The Legal Resources Centre, meanwhile, announced that it has hired forensic experts and pathologists to investigate the Marikana violence on behalf of the South African Human Rights Commission.

The commission has stepped in following local news reports alleging that some miners were shot as they tried to surrender to police, others were shot in the back as they ran away from the police fire, and some were run over and killed by police armored cars.

Police and government officials have refused to comment on the allegations, saying they must await the results of a judicial commission of inquiry that is to report to Zuma in January.

Miners told The Associated Press they are getting desperate and do not have enough money to feed their families because of the no-work, no-pay strike. One said a loan shark is refusing to give money to any but long-time customers.

Still they said they remain resolute and will not return to work until their wage demand is met. The miners refused to give their names to a reporter.

The National Union of Mineworkers said the Marikana strikers had gone around Sunday night threatening anyone who went to work.

Negotiations between mine managers, several unions and representatives of strikers who do not want to be represented by any of the unions were postponed for 24 hours because the strikers' representatives said they did not know about the meeting, Lonmin spokeswoman Sue Vey said. She said the talks would start off by working out a framework for salary negotiations and probably would last several days.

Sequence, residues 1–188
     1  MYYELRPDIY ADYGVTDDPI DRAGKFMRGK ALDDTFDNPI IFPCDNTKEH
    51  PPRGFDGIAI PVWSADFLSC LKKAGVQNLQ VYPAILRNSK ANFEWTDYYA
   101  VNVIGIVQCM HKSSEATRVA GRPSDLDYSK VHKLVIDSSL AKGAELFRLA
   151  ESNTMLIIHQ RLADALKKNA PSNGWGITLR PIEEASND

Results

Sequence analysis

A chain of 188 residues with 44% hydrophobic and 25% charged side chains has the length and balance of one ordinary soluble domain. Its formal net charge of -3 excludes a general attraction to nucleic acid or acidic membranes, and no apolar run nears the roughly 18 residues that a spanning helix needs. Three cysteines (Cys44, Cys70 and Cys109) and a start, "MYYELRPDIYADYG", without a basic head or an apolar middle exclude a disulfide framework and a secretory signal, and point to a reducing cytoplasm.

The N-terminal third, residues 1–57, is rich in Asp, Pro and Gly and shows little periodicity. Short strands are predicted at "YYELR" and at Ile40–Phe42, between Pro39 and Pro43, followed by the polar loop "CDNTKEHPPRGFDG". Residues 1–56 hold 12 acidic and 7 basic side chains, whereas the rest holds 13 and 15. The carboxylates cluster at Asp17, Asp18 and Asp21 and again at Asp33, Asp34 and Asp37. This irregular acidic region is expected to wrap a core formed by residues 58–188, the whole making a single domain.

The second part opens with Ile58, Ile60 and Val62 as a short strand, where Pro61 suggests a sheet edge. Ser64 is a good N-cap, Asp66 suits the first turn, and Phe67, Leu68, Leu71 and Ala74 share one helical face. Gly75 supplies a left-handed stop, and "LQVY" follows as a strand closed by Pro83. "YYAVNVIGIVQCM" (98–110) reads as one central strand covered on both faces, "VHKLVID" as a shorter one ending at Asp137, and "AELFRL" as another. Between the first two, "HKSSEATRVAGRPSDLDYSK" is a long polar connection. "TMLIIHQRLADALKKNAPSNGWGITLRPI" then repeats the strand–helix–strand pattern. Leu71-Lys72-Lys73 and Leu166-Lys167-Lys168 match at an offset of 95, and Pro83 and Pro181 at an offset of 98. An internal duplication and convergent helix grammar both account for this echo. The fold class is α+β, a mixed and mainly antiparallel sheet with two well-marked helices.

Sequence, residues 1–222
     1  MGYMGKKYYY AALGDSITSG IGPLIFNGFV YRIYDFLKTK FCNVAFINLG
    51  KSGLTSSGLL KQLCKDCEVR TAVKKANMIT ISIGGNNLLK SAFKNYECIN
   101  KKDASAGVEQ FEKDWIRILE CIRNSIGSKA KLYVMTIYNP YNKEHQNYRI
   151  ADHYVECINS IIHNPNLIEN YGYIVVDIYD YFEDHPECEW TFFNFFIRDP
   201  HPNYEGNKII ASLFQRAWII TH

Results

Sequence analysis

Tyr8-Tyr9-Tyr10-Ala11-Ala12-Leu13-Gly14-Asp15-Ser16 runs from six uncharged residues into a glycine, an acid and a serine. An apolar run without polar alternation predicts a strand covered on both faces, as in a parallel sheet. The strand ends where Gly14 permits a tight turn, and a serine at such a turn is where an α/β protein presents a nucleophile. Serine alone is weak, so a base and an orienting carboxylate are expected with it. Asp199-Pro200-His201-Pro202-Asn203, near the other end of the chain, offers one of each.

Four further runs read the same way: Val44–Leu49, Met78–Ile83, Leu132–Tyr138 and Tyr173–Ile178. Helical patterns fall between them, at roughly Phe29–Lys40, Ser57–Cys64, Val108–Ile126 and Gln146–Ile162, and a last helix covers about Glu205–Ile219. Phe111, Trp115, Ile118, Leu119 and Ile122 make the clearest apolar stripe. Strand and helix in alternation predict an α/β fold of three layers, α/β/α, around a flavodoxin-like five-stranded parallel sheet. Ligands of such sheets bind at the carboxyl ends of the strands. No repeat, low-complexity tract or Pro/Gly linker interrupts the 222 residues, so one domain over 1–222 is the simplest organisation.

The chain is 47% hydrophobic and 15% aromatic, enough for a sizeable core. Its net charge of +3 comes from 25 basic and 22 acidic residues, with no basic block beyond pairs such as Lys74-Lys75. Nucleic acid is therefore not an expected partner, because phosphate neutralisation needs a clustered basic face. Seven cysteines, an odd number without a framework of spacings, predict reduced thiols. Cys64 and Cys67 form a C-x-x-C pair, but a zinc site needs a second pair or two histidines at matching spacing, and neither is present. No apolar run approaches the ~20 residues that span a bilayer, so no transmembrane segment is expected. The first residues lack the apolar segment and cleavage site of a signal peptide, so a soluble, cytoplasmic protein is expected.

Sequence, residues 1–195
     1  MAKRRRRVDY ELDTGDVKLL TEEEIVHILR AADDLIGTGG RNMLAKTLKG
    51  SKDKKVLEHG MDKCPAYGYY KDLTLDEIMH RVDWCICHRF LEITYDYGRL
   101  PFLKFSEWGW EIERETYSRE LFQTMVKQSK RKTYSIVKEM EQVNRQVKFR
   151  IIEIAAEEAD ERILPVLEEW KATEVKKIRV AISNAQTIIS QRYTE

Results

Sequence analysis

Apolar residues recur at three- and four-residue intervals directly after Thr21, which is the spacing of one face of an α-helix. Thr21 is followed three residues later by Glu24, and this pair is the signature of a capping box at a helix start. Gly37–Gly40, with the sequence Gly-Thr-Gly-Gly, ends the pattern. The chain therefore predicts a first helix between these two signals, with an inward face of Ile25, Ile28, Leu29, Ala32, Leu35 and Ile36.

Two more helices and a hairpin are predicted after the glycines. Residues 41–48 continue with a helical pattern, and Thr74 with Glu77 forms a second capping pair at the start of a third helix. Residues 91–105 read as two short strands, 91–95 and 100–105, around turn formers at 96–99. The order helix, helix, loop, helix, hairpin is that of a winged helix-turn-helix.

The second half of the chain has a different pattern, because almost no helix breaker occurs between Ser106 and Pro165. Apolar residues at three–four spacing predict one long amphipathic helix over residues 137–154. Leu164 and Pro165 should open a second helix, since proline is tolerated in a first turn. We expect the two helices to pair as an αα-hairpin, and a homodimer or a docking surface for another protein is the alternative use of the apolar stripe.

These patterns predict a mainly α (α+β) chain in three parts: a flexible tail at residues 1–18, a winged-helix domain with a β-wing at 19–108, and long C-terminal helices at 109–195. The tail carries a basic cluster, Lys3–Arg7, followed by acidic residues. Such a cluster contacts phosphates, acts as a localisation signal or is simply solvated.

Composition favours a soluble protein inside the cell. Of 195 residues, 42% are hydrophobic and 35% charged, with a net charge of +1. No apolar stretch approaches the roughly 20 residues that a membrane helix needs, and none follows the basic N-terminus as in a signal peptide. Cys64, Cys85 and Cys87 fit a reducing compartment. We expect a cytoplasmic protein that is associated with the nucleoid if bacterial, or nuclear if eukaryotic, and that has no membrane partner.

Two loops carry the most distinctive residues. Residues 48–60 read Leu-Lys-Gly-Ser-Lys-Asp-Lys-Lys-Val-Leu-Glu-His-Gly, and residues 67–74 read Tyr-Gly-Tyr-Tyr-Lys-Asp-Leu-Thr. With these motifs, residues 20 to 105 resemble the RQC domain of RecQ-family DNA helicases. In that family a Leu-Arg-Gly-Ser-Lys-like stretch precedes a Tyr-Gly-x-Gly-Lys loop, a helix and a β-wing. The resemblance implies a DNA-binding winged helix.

But Gideon du Plessis, general secretary of Solidarity union representing mainly white mine workers, said the strikers' representatives sent a message saying their position had not changed and they would not go back to work until Lonmin agrees to the salary demand.

The last of the miners killed by police were buried during the weekend, one in Lesotho and three in South Africa. The Daily Dispatch newspaper quoted a family member as saying that one of them, Thembelakhe Mati, was wounded in the shooting and got away to hide in a shack, fearing he would be arrested if he went to the mine hospital for treatment.

Half a dozen buses carrying mourners who had attended the funerals in far-flung parts of the country returned Monday to a shantytown of tin-walled shacks without water or electricity near the mine

Nigeria is protesting about the detention of about 1,000 Nigerian women at airports in Saudi Arabia.

The women, some of whom have been held since Sunday, had been planning to make the Muslim Hajj pilgrimage to Mecca.

Nigeria's ambassador to Saudi Arabia told the BBC the authorities were stopping women under the age of 35.